28 “The older brother became angry and refused to go in. So his father went out and pleaded with him. 29 But he answered his father, ‘Look! All these years I’ve been slaving for you and never disobeyed your orders. Yet you never gave me even a young goat so I could celebrate with my friends. 30 But when this son of yours who has squandered your property with prostitutes comes home, you kill the fattened calf for him!’
31 “ ‘My son,’ the father said, ‘you are always with me, and everything I have is yours. 32 But we had to celebrate and be glad, because this brother of yours was dead and is alive again; he was lost and is found.’ ”
What was the older brother’s reaction to his brother’s safe return and his father’s generous response? Anger. He was angry and refused to join the party. He stayed outside pouting. And the story ends there—the older son alienated from his father and brother by his anger. I’m sure he felt self-righteous—you can hear it in what he said to his father. But his “righteous anger” didn’t make him any smarter; in fact, it ruined his relationships. Anger never makes you smarter. Let it go.
Proverbs 29:11 Fools give full vent to their rage, but the wise bring calm in the end.
The Hebrew word for fool means stupid. Stupid people give vent to their rage—anger never makes you smarter.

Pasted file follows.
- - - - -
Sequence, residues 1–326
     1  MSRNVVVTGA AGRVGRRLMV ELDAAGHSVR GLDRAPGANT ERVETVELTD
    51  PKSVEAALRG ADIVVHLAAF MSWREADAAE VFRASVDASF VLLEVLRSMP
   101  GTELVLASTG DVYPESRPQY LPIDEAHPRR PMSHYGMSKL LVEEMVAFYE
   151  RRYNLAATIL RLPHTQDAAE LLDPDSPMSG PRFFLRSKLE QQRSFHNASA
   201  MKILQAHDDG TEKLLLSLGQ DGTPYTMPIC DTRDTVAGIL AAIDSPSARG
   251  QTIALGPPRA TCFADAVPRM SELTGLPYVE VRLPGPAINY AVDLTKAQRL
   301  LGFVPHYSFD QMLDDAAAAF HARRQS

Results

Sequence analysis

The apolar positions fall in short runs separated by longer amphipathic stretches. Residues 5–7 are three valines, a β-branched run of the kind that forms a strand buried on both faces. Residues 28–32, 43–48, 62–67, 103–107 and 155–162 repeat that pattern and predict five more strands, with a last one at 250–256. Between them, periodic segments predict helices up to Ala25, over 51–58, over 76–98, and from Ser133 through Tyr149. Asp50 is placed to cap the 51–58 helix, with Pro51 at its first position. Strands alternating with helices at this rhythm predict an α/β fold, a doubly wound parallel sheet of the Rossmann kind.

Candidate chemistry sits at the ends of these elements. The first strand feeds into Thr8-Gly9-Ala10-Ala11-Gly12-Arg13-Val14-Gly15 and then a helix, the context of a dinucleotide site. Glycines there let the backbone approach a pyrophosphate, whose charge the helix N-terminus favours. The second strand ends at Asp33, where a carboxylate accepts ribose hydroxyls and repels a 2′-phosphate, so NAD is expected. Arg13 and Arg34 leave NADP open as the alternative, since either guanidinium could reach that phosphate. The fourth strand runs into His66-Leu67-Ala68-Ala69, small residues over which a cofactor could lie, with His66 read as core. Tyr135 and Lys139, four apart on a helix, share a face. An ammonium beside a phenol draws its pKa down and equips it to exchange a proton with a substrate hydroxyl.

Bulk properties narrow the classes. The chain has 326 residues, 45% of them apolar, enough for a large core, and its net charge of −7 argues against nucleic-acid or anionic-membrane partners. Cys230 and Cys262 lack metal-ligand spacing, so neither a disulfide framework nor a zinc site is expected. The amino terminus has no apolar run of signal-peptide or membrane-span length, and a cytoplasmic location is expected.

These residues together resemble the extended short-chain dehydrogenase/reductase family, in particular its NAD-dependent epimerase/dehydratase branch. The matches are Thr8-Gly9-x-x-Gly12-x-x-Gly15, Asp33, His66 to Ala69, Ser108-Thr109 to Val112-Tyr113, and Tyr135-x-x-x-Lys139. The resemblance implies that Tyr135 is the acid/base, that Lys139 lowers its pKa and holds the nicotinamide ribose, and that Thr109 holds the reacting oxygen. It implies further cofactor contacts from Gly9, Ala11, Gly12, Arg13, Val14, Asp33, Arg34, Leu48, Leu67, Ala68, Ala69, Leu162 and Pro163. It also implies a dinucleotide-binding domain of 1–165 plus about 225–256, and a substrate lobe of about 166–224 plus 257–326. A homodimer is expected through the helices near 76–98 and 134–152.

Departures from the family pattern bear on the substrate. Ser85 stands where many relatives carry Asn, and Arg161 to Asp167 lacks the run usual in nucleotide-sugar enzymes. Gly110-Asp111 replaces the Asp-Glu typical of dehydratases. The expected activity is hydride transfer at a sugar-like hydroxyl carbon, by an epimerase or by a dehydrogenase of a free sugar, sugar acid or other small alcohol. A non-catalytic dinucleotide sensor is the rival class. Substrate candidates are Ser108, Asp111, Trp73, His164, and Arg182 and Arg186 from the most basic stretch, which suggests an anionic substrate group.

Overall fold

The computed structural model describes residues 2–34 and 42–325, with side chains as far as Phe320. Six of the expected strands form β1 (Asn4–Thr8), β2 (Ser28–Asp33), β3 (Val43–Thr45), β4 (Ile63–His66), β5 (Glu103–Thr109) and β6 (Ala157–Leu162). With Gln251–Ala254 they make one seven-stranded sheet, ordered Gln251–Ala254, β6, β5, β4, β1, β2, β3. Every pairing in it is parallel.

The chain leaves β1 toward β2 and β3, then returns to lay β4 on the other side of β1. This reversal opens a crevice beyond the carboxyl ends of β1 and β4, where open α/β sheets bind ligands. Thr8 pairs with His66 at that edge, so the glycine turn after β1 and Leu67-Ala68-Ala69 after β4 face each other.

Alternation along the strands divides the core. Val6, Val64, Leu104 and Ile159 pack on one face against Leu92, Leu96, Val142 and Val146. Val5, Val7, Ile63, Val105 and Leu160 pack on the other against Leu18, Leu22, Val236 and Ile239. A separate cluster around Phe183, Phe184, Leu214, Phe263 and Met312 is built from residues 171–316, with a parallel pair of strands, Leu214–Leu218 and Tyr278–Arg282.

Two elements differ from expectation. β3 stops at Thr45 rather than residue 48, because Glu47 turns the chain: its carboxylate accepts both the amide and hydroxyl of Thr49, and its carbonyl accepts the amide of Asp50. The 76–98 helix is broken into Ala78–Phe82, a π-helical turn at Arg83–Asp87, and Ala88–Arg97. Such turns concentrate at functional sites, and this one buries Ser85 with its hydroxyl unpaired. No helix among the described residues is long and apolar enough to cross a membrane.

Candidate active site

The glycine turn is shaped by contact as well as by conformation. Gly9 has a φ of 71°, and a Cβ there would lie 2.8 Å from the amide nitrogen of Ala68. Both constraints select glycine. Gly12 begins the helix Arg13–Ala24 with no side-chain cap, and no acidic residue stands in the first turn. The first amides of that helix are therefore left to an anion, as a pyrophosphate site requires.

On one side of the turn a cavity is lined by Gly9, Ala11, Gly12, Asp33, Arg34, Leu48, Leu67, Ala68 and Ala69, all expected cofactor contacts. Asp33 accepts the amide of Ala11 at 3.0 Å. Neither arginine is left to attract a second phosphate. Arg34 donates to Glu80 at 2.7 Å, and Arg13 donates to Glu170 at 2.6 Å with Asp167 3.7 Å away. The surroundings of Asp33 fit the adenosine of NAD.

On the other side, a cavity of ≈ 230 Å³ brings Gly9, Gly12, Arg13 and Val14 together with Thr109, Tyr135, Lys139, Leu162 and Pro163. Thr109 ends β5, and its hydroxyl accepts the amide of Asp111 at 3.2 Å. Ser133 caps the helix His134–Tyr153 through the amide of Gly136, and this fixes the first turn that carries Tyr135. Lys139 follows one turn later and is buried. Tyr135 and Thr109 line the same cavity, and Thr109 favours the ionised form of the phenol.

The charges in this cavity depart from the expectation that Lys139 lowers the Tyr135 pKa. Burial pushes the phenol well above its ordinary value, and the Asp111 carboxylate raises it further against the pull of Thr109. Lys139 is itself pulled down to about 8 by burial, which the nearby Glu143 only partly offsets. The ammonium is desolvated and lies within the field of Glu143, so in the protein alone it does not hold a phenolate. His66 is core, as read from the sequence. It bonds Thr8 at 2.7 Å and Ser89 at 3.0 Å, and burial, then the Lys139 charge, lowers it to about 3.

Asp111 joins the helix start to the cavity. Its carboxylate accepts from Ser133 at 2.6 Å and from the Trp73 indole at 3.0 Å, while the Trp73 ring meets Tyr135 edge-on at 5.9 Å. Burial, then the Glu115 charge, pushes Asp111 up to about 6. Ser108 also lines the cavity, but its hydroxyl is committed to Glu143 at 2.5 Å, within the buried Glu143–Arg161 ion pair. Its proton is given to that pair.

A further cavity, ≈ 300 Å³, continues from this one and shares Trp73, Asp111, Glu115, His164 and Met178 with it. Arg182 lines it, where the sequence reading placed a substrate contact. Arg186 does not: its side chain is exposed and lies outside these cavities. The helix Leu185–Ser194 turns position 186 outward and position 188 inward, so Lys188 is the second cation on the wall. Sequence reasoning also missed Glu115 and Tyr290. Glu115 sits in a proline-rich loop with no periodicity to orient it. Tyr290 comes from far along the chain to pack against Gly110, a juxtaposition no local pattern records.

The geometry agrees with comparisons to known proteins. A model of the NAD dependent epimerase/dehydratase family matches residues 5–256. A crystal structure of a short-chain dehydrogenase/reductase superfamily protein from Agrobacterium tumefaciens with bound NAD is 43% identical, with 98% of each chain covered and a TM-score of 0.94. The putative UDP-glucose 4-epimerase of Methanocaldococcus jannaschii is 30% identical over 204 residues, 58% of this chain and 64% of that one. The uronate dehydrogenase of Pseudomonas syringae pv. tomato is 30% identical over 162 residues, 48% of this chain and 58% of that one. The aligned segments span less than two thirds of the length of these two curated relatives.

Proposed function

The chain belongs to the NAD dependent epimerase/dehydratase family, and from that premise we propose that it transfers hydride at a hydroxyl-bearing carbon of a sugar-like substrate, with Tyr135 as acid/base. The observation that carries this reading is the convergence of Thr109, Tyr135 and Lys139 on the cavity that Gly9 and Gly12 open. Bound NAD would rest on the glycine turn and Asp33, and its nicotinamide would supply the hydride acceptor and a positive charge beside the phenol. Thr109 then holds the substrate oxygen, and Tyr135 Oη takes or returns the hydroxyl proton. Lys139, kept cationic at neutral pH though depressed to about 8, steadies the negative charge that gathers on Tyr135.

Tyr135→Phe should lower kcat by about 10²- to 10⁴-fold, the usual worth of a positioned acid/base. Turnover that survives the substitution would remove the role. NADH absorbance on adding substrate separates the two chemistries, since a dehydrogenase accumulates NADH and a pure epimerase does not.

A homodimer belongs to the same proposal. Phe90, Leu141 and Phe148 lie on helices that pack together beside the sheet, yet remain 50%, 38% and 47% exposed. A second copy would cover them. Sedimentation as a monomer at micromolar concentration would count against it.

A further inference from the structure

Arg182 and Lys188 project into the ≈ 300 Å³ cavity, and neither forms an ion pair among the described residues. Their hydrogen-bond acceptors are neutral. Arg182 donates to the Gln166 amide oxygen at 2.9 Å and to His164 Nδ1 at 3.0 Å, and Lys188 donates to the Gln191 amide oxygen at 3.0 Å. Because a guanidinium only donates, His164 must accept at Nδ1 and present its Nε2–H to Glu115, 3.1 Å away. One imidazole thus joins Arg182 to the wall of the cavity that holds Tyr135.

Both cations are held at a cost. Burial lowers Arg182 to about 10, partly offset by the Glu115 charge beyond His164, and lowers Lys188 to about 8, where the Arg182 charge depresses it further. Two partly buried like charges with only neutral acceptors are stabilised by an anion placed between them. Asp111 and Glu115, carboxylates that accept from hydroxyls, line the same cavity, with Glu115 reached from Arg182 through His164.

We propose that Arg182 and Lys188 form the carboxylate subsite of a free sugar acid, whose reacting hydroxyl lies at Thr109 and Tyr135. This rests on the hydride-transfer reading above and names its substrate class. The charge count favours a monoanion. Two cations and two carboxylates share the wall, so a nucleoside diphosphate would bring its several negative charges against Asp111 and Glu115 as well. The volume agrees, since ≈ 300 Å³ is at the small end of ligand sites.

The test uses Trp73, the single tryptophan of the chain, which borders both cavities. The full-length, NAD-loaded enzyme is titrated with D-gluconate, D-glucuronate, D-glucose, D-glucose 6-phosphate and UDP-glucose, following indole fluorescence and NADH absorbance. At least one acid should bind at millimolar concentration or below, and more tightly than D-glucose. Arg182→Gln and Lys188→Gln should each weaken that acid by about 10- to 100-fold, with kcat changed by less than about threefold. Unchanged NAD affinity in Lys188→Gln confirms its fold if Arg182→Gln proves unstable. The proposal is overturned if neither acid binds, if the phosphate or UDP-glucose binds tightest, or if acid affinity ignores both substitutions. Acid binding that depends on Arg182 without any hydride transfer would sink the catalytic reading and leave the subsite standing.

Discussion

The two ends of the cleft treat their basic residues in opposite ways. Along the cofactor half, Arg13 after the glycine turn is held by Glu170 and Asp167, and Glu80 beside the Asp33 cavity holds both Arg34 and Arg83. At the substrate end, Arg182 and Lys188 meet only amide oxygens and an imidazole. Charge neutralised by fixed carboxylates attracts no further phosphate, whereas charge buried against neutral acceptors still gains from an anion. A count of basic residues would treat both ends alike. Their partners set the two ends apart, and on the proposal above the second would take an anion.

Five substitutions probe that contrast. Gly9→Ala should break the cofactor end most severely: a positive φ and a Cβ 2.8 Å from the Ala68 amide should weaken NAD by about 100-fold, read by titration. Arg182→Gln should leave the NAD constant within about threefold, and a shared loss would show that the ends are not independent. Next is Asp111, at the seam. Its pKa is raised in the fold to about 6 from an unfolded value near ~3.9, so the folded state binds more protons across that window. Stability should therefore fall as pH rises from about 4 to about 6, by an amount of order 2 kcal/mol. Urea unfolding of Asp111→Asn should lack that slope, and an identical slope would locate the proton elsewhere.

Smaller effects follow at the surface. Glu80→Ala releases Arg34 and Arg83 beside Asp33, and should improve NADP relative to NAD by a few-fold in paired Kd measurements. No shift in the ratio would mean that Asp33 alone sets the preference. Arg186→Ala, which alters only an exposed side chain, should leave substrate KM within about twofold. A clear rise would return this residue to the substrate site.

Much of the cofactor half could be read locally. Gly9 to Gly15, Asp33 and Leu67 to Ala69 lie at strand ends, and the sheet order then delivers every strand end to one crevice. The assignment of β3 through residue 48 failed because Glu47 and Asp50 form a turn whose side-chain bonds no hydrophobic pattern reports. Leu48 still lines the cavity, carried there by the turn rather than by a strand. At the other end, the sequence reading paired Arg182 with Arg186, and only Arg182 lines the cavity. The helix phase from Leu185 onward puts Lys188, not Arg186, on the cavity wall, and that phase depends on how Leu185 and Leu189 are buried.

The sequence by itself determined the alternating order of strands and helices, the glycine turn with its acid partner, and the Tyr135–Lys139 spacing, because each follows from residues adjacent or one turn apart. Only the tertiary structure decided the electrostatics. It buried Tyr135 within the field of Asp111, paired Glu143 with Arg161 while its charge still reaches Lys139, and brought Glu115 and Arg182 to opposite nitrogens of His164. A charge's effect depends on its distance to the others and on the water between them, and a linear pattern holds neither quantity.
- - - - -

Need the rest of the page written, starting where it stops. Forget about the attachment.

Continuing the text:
Anger dwells inside fools—anger never makes you smarter.
ILL: Recently, a woodpecker, a northern flicker, has decided to beat its little brains out against our metal chimney post. I’ve had to go out and throw a tennis ball to chase him away. Next day, he’s back. I read that it’s a mating ritual—the noise attracts females. The louder the noise, the more ladies show up. Tuck that away men. It reminds me of this true story.
One morning Ralph Milton woke up at five o’clock to a noise that sounded like someone repairing boilers on his roof. Still in his pajamas, he went into the back yard to investigate. He found a woodpecker on the TV antenna, “pounding its little brains out on the metal pole.” Angry at the little creature who ruined his sleep, Ralph picked up a rock and threw it. The rock sailed over the house, and he heard a distant crash as it hit the car. In utter disgust, Ralph took a vicious kick at a clod of dirt, only to remember–too late–that he was still in his bare feet.